Two cases of the coronavirus variant first discovered in the United Kingdom have been identified in Connecticut, Gov. Ned Lamont said Thursday. Connecticut joined five other states that have identified cases of the virus variant.
The two people are between 15 and 25 and reside in New Haven County. They both recently traveled outside Connecticut — one went to Ireland and the other went to New York, officials said.
Both were interviewed by contact tracers when they tested positive for the coronavirus and their close contacts were identified, Lamont said in a statement. They are being re-interviewed after they were found to have the variant.
One of the people completed self-isolation and the other remained in self-isolation at home Thursday, officials said.
“The U.K. variant is widely assumed to be more highly transmissible than other strains of the virus,” state Public Health Acting Commissioner Deidre Gifford said. “However, our current vaccines should be effective against this strain, and we continue to urge everyone who is currently eligible to get the vaccine to do so.”
The variant emerged with many mutations that appear to allow it to spread more easily than other variants, according to the Centers for Disease Control and Prevention. It is not more deadly than the predominant strain of the coronavirus, according to the CDC. The variant was first detected in the U.K. in September and has become widespread in London and southeast England.
The CDC is working with public health agencies around the country to monitor the spread of the variant and its characteristics.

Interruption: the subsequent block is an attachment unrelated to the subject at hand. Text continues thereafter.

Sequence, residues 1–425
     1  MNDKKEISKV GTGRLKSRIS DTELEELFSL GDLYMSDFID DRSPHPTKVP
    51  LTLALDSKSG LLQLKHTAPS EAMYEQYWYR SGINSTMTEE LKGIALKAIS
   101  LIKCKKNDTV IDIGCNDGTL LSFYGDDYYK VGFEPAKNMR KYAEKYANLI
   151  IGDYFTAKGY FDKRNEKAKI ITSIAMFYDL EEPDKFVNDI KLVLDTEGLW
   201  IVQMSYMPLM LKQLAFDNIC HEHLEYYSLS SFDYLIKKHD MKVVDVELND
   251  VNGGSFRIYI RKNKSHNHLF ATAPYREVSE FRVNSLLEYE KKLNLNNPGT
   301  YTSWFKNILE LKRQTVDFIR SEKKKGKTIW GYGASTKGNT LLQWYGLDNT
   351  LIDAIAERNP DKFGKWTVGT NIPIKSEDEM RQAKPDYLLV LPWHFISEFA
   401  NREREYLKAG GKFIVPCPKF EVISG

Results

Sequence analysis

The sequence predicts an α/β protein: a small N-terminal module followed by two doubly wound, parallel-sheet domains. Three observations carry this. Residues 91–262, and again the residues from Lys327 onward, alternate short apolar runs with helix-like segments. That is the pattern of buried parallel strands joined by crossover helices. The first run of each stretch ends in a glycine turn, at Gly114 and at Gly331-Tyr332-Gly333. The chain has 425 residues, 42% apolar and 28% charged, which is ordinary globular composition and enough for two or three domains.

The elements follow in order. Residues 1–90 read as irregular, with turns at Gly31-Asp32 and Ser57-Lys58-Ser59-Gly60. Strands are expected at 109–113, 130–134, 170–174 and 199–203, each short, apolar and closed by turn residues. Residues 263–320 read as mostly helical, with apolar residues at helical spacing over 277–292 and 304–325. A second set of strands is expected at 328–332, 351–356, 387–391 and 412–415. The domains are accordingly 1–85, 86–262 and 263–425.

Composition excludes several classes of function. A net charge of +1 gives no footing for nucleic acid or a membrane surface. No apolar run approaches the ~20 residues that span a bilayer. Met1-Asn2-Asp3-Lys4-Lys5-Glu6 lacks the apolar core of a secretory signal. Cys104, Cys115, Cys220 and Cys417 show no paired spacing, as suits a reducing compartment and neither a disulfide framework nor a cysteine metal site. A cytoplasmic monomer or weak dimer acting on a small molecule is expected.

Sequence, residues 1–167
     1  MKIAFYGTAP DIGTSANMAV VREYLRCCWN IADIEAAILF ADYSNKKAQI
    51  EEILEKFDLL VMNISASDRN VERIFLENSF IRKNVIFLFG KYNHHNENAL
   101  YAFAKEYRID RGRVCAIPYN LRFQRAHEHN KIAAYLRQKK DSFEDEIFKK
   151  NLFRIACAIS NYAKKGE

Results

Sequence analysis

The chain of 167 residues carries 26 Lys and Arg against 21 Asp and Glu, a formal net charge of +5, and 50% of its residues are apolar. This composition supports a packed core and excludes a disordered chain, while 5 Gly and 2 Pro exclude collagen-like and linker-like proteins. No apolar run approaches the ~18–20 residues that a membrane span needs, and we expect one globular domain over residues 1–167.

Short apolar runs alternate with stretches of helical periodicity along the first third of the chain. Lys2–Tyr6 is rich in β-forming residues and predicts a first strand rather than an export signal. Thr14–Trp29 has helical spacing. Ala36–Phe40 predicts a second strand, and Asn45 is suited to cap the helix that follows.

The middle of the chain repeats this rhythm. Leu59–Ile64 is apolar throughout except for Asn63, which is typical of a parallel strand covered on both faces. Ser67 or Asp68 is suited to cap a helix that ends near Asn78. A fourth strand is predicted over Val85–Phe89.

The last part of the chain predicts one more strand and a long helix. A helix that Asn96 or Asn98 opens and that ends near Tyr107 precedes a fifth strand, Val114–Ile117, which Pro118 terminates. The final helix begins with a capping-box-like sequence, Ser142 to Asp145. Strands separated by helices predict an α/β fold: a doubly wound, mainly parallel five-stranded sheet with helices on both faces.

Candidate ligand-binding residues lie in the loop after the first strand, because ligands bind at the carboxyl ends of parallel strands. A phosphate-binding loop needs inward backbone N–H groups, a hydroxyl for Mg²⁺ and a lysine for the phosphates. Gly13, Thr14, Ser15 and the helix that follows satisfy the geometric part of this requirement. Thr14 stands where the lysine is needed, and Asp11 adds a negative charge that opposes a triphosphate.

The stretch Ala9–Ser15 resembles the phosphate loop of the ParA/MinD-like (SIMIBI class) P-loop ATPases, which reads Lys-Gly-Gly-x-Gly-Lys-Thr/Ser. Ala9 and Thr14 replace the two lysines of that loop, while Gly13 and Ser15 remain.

UK Prime Minister Boris Johnson ordered a lockdown in England Monday in response to the variant becoming widespread and hospitals being increasingly strained by the number of cases. The lockdown closes schools to most children and is the strictest since the spring lockdown.
The Connecticut public health laboratory started testing for the variant last week in partnership with Yale University and Jackson Laboratories.
“As a research institution with innovative scientists, we have been able to adapt quickly our testing procedures in response to emerging public health threats,” said Yale School of Medicine Dean Nancy Brown. “I am grateful that our clinical and research laboratories were able to collaborate to provide sequencing data for the Connecticut Department of Public Health to help detect the new SARS-CoV-2 variant.”
Lamont said last week it would only be a matter of time before the variant was detected in Connecticut.
“This another reason why everyone should continue taking precautions to prevent transmission of this disease, including wearing face coverings and practicing social distancing,” Lamont said in a statement. “The health of Connecticut residents remains our top priority, and our public health officials will continue to closely monitor these cases and any other developments with this contagious virus.”